153 (73.2)

60 (71.4)

.99

ARB

42 (20.1)

9 (10.7)

.07

?-Blocker

201 (96.2)

70 (83.3)

b.001

Spironolactone

174 (83.3)

64 (76.2)

.30

Furosemide

152 (72.7)

73 (86.9)

.003

Digoxin

119 (56.9)

52 (61.9)

.31

Physical examination and laboratory paramete Systolic BP (mm Hg) 122.37 +- 20.97

rs

118.97 +- 23.13

.22

Diastolic BP (mm Hg)

77.11 +- 12.97

74.69 +- 12.39

.14

HR (beats per minute)

86.02 +- 15.95

88.60 +- 16.78

.22

LVEF (%)

26.55 +- 9.63

24.66 +- 10.80

.15

Hemoglobin (g/dL)

14.11 +- 1.84

13.20 +- 2.11

b.001

Sodium (mEq/L)

139.57 +- 2.77

136.19 +- 4.90

b.001

Potassium (mEq/L)

4.55 +- 0.47

4.38 +- 0.65

b.001

BUN (mg/dL)

18.22 +- 9.22

28.31 +- 16.64

b.001

Creatinine (mg/dL)

0.96 +- 0.27

1.14 +- 0.44

b.001

CRP

2.75 +- 8.38

17.04 +- 26.64

b.001

TIMI risk indices TRI

14.89 +- 8.91

20.27 +- 12.49

b.001

mTRI

28.41 +- 24.64

64.53 +- 69.44

b.001

Group 2, patients who died P

during follow-up (n = 84)

Statistical analysis

Analyses were performed using SPSS software, version 20.0 (IBM, Armonk, New York). Continuous variables were expressed as the mean +- SD, and categorical variables were expressed as percentages. Comparisons between categorical variables between the TRI groups were performed using the ?2 or Fisher exact test. Independent-sample t test was used in the analysis of continuous variables. To analyze the prediction for 120-day mortality, data from the admission parameters were used as independent variables. The univariate relationship be- tween baseline characteristics and 120-day mortality was assessed by univariate hierarchical logistic regression analysis. Multivariate analysis by stepwise logistic regression models (backward elimination) tested variables that were significant at P b .1 in the univariate analysis. Statis- tical significance was defined as P b .05.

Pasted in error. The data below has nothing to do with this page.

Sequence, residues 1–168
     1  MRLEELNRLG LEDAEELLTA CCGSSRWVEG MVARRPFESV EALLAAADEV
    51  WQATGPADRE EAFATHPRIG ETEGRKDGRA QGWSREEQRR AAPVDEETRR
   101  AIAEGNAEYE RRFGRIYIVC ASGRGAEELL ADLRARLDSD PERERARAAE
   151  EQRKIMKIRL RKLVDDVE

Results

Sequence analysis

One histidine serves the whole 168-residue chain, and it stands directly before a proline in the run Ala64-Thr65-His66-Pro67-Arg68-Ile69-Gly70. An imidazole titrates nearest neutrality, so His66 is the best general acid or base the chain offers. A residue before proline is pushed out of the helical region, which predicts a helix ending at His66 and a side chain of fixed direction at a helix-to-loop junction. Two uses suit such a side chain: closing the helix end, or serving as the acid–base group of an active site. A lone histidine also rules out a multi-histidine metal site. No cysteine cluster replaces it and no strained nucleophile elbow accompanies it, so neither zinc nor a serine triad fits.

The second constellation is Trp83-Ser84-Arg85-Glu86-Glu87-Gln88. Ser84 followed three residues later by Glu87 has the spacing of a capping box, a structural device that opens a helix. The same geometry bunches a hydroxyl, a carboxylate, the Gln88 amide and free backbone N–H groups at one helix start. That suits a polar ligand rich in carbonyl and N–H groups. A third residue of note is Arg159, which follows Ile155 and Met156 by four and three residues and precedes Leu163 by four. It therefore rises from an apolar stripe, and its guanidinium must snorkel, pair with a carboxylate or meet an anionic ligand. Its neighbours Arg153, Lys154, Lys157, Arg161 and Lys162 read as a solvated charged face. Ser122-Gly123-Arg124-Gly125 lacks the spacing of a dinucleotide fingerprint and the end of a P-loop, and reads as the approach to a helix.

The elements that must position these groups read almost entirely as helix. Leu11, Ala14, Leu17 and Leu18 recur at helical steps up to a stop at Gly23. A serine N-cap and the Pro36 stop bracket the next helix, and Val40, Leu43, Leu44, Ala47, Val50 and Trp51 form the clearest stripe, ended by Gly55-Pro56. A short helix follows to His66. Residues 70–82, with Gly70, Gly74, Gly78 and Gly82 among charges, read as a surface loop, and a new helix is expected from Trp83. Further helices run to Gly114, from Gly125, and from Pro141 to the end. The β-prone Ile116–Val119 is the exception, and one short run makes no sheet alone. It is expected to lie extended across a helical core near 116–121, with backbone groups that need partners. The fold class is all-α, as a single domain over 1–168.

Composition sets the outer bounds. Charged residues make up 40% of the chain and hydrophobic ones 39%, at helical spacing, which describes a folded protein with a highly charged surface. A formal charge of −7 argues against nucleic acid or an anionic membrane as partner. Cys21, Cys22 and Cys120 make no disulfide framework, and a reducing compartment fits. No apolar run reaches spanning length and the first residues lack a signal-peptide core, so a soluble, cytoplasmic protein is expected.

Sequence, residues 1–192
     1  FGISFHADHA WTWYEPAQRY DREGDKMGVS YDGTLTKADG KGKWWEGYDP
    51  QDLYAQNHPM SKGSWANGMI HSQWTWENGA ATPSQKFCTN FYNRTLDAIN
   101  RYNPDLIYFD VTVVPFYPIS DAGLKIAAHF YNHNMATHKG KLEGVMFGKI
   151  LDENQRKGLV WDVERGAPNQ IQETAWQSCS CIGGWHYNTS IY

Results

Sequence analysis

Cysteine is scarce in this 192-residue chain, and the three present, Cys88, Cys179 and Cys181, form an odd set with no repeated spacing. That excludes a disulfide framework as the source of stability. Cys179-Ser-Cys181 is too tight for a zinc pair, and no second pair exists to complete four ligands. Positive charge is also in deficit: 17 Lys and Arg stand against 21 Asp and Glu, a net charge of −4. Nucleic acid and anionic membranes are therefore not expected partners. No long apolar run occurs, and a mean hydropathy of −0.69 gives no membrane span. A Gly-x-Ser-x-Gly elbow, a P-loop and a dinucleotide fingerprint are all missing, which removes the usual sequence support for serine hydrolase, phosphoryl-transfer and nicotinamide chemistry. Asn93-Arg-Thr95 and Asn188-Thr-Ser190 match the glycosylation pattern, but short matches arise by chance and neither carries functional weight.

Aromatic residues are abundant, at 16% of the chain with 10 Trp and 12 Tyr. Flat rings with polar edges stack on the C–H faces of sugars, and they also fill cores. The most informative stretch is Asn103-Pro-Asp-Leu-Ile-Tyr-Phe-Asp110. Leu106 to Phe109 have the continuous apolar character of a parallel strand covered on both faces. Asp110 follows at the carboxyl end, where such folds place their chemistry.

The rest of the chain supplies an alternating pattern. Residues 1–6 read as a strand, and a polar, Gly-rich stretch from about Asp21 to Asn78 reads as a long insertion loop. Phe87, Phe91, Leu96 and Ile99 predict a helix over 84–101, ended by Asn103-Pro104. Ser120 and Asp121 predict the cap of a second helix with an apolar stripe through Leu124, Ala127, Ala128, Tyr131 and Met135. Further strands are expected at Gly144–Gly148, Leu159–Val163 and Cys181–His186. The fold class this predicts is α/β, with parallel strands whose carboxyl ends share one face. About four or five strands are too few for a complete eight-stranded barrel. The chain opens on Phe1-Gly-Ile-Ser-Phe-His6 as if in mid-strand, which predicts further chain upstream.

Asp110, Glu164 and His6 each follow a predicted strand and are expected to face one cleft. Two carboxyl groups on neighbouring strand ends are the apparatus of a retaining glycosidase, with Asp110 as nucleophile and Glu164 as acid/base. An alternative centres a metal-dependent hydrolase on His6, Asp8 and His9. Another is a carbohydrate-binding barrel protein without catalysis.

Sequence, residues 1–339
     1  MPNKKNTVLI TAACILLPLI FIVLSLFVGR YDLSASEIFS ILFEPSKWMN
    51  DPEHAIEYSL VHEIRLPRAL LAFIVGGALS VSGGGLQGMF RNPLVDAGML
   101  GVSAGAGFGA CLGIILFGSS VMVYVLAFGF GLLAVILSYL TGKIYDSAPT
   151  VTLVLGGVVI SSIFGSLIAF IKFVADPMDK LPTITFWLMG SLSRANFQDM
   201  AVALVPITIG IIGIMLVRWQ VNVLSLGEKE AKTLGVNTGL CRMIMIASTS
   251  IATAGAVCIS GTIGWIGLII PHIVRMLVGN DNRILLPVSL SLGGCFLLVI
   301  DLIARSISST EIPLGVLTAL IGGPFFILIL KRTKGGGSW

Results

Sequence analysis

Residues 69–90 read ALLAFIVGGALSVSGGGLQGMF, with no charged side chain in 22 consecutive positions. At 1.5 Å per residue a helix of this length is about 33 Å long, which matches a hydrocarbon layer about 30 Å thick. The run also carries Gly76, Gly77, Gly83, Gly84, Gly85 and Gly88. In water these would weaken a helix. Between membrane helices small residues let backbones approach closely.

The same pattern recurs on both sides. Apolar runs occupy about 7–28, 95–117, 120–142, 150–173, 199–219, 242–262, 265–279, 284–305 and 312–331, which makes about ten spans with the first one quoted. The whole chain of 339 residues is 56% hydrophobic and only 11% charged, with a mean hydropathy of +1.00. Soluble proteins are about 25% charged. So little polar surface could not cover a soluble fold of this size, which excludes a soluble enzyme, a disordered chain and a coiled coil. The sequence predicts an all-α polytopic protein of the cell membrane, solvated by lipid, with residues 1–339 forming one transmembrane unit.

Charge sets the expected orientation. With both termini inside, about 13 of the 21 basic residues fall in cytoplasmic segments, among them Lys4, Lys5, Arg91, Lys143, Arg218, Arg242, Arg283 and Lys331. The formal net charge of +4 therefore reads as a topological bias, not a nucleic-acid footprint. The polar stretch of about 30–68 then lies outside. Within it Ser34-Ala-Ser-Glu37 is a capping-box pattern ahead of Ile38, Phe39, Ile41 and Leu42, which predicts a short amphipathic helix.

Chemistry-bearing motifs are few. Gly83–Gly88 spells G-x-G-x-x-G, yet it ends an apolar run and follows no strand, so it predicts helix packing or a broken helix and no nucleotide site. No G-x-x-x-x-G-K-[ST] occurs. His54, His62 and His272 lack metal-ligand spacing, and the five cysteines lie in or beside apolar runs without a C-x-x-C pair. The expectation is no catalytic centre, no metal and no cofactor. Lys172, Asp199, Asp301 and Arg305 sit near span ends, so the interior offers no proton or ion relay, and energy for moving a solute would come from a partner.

Results

A total of 293 patients (mean age, 46.2 +- 14.1 years; women 19.7%) with AHF were included. There was significant difference in terms of age (P = .003) among the groups, whereas there was no significant differ- ence in terms of sex (P = .50), hypertension (P = .48), DM (P = .23), previous CABG (P = .52), and AF (P = .26). The patients’ baseline char- acteristics, medications, physical examination, laboratory parameters, and TRIs are listed in Table 1. In medication, 2 groups had similar treat- ments except ?-blocker and furosemide treatments (P b .001 and P =

.003, respectively). In physical examination, 2 groups had similar systol- ic and diastolic BPs and HR. In laboratory parameters, 2 groups had sim- ilar LVEF, whereas group 1 had higher hemoglobin and sodium and Potassium levels, and group 2 had higher potassium, BUN, creatinine, and C-reactive protein levels (all P b .001). Group 2 had significantly higher TRI and mTRI values (20.2 +- 12.4 vs 14.8 +- 8.9 and 64.5 +- 69.4 vs 28.4 +- 24.6, respectively). Before and after the bio- chemical analyses, 2 different hierarchical logistic regression analyses were performed. In the first analysis, the univariate predictors of 120- day mortality were LVEF, AF, furosemide treatment, age, and TRI. By multivariate hierarchical logistic regression analysis, the 2 independent factors that increased the risk of 120-day mortality were TRI (odds ratio [OR], 2.56; confidence interval [CI], 2.14-2.79), age (OR, 1.07; CI, 1.01-

Statistically significant findings are in boldface. Abbreviations: ACE, angiotensin- converting enzyme inhibitor; ARB, angiotensin receptor blocker.